Dr. Kate Kirby is the Executive Officer at the American Physical Society. Dr. Kirby earned her bachelor’s degree in chemistry and physics from Harvard/Radcliffe College and her Ph.D. from the University of Chicago. After a postdoctoral fellowship at the Harvard College Observatory she was appointed as Research Physicist at the Smithsonian Astrophysical Observatory and Lecturer in the Harvard University Department of Astronomy. From 1988 to 2001, she served as an Associate Director at the Harvard-Smithsonian Center for Astrophysics, heading the Atomic and Molecular Physics Division. From 2001-2007, she served as Director of the Institute for Theoretical Atomic, Molecular and Optical Physics (ITAMP) at Harvard and Smithsonian. Dr. Kirby’s research interests lie in theoretical atomic and molecular physics, particularly the calculation of atomic and molecular processes important in astrophysics and atmospheric physics. She is a Fellow of both the American Physical Society and American Association for the Advancement of Science.

Maura McLmclaughlinaughlin, West Virginia University

“Pulsar Timing Arrays as Galactic Scale Gravitational Wave Observatories” 

Maura McLaughlin is an Associate Professor at West Virginia University, where she studies neutron stars and their environments using radio, X-ray and gamma-ray observations. One aspect of her work focuses on the use of extremely precise millisecond pulsar “clock” signals to detect gravitational waves through the NANOGrav collaboration and the International Pulsar Timing Array. She is a recipient of an Alfred P. Sloan Fellowship and a Cottrell Scholar Award. She is also active in public outreach and has involved over 800 high-school students from West Virginia and 17 other states in pulsar searches!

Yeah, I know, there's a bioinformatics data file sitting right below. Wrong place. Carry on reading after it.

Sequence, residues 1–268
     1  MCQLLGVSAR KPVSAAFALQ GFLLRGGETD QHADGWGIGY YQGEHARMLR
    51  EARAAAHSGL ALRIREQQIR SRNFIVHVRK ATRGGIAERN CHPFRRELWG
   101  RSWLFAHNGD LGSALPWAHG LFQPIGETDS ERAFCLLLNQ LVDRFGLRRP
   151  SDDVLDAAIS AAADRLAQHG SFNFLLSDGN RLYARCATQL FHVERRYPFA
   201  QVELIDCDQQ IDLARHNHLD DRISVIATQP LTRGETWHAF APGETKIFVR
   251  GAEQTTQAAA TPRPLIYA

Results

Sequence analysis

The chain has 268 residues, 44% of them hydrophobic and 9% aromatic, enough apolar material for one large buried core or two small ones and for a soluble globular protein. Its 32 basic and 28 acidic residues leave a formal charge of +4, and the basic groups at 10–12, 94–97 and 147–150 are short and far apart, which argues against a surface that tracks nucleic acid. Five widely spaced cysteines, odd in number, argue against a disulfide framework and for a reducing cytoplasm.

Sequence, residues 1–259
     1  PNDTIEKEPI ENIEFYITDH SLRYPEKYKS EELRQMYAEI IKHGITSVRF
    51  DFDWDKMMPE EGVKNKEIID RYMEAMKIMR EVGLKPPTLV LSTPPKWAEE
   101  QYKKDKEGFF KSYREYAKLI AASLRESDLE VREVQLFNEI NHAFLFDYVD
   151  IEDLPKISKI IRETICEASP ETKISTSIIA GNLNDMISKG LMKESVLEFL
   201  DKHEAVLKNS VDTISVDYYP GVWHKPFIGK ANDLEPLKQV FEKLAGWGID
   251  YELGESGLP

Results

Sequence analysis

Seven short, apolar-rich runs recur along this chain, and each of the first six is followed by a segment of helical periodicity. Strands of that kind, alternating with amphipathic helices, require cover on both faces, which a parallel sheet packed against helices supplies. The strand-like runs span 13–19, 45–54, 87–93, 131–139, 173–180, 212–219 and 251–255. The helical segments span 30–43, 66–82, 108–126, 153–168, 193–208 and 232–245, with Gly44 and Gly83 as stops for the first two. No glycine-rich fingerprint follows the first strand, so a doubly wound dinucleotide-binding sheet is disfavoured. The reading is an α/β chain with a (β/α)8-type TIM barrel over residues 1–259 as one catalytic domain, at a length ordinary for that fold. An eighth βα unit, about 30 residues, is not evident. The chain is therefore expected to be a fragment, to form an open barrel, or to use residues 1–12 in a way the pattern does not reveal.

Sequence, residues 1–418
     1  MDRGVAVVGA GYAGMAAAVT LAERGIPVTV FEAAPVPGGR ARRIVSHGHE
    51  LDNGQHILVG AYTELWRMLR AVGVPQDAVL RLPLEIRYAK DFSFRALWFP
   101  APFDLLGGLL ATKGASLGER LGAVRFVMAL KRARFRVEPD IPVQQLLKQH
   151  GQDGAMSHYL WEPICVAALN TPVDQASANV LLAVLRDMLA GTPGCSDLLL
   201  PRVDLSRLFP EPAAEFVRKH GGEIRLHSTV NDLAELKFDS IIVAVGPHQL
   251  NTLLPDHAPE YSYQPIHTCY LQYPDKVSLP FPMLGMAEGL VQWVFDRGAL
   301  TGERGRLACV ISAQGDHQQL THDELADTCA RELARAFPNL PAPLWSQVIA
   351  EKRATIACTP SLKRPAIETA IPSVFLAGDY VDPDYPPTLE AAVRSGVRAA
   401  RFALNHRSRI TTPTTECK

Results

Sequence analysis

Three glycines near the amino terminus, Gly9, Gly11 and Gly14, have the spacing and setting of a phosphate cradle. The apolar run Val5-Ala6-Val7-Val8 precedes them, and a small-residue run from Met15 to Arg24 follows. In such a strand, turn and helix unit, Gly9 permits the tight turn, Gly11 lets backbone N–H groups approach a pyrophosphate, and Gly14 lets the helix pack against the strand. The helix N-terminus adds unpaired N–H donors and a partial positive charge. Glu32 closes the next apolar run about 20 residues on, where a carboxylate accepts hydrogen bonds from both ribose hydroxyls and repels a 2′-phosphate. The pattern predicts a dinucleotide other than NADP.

Dan Vergano, National Geographic

“A Brave New World:  Science News in the Age of Social Media”

Dan Vergano is a senior writer-editor at National Geographic, where he focuses on space, archaeology and enterprise reporting. He was formerly the senior science writer/columnist at USA Today and has written freelance reports for Men’s Health, New Scientist, Air & Space Smithsonian, and The Washington Post.  Since 2012, Vergano has been adjunct faculty at New York University’s Washington, D.C. campus, teaching feature writing.  Vergano was a 2007-08 Nieman Fellow at Harvard, where he concentrated on the intersection of science and politics.  He won the 2011 Gene Stuart Award from the Society for American Archaeology for a story and video series on Maya archaeology, and the 2006 David Perlman Award for Excellence in Science Journalism from the American Geophysical Union for a USA Today cover story on climate change.   Vergano graduated from Penn State in 1990 a member of the Tau Beta Pi Association with a B.S. in aerospace engineering.  Before moving to journalism, Vergano worked as a space policy analyst and aerospace engineer for a federally funded research and development contract organization.

Invited Speakers

1. Jason Link, NASA Goddard Space Flight Center
2. Brad Cenko, Goddard Space Flight Center
3. Cora Dvorkin, a senior-level postdoc from IAS Princeton
4. Lucy Bai, Penn State
5. Sergey Frolov, University of Pittsburgh
6. Jay Deep Sau, University of Maryland
7. Chandralekha Singh, University of Pittsburgh
8. Vito Scarola, Physics Department, Virginia Tech
9. Kin Fai Mak, Penn State
10. Erik Blaufuss, University of  Maryland Scientist and IceCube Analysis Coordinator
11. Michael Widom, Carnegie Mellon University
12. Qi Li, Penn State University



Penn State University is committed to an open, sensitive, understanding, and responsive campus environment. All participants of this conference are asked to all work together to discourage behavior within our community that is dehumanizing, including sexual harassment. For more information, see http://www.psu.edu/dept/aaoffice/sexharass.htm